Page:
To outsiders, this period of penance and reflection can seem like one of the most austere and “medieval” of Christian practices. But while Lent’s roots are ancient (the regulations about Lent date back to 325 CE) there’s more than a little misinformation surrounding it. It’s not just the religious equivalent of a New Year’s diet.
1. All Christians Celebrate Lent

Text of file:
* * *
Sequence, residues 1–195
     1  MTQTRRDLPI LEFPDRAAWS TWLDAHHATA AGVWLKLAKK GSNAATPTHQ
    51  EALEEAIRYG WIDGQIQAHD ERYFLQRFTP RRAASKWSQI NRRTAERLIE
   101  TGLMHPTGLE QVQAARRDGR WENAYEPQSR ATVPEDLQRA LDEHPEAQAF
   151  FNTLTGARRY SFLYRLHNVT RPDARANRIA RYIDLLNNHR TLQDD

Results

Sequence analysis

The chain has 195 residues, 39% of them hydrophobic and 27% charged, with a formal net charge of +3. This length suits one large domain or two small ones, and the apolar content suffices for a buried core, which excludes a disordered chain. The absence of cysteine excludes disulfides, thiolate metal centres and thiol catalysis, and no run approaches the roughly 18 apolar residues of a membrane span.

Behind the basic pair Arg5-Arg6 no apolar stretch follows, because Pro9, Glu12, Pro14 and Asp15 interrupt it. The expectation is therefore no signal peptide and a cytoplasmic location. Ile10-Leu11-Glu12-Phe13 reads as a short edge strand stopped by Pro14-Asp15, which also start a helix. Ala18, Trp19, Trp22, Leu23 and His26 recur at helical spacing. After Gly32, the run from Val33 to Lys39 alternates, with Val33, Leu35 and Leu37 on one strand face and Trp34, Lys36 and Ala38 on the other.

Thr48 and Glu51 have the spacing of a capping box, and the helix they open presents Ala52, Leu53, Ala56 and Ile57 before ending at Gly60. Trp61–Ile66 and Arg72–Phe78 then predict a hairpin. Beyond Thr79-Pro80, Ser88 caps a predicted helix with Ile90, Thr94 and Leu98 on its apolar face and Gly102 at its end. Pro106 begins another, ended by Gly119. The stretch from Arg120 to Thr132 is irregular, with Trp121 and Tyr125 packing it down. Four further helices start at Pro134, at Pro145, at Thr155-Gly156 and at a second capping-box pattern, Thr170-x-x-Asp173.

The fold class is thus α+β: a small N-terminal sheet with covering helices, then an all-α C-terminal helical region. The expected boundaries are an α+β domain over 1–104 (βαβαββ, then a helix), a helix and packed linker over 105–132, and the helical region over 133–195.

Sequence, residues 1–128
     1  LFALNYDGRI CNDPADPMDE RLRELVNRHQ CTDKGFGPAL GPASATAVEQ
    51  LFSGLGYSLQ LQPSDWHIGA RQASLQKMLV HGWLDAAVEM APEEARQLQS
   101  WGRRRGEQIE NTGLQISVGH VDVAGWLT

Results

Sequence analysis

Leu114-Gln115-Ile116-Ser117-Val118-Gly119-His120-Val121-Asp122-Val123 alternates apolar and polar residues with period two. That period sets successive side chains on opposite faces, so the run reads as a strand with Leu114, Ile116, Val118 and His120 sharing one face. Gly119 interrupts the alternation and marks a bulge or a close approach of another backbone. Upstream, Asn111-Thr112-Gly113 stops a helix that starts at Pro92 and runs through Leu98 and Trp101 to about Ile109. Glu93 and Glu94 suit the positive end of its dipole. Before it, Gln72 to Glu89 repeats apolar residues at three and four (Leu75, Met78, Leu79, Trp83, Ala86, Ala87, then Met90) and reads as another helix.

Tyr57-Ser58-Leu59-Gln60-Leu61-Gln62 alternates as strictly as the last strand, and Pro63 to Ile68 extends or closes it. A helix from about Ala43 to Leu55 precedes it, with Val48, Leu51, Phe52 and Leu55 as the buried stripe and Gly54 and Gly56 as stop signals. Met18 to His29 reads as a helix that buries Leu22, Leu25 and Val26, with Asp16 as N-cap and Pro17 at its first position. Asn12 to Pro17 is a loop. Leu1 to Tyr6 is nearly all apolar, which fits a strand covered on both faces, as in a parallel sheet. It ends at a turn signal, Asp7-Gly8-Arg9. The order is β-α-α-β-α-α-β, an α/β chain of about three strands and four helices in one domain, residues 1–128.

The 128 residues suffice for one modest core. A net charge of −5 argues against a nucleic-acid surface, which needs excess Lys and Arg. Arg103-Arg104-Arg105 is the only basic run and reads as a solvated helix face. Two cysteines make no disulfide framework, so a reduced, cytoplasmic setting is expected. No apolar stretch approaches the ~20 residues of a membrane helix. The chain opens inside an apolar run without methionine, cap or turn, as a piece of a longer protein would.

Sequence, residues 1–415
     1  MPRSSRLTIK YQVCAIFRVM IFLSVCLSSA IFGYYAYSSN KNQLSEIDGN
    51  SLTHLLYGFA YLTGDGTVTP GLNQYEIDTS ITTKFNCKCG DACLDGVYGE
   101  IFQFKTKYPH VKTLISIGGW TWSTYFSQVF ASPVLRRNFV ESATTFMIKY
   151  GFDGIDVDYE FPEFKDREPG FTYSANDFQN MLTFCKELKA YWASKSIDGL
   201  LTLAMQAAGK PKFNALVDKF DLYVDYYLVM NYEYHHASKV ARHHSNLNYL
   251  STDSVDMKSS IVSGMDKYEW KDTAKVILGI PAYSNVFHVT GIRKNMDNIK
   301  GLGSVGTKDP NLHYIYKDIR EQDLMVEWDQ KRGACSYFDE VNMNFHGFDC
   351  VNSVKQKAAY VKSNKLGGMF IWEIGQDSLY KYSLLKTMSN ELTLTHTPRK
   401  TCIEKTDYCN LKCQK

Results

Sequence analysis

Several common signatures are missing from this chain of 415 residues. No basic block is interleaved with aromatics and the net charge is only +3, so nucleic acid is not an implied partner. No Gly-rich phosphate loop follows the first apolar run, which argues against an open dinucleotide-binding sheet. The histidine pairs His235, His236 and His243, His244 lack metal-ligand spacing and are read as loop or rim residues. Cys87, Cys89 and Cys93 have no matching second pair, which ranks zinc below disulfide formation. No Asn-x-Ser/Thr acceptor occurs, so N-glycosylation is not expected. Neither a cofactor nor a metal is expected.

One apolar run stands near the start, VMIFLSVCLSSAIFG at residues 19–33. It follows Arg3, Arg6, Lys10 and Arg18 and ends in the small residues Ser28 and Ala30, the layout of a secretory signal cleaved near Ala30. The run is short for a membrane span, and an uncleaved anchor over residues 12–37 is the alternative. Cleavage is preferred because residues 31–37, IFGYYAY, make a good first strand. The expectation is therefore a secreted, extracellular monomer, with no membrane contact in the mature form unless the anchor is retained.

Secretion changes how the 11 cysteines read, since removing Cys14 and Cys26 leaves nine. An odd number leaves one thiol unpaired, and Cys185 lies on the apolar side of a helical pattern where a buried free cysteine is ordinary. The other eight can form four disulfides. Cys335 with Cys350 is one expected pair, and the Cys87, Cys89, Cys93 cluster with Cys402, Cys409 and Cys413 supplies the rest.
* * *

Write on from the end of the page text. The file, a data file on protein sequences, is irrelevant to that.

While in excess of a billion Christians observe Lent each year, not all Christians do. It is observed by Anglicans, Roman Catholics, Easter Orthodox, Lutherans, and Methodists. Whole swathes of Protestants don’t observe Lent — Baptists, Evangelicals, Pentecostalists, Latter Day Saints. Many other Protestant denominations recognize Lent, although the extent to which they alter their day-to-day lives varies greatly and is mostly a question of individual conscience. These disciplines include restricting food, giving up luxuries (including, in the 21st century, social media), and engaging in charitable work. Unlike Easter, it’s not a celebration.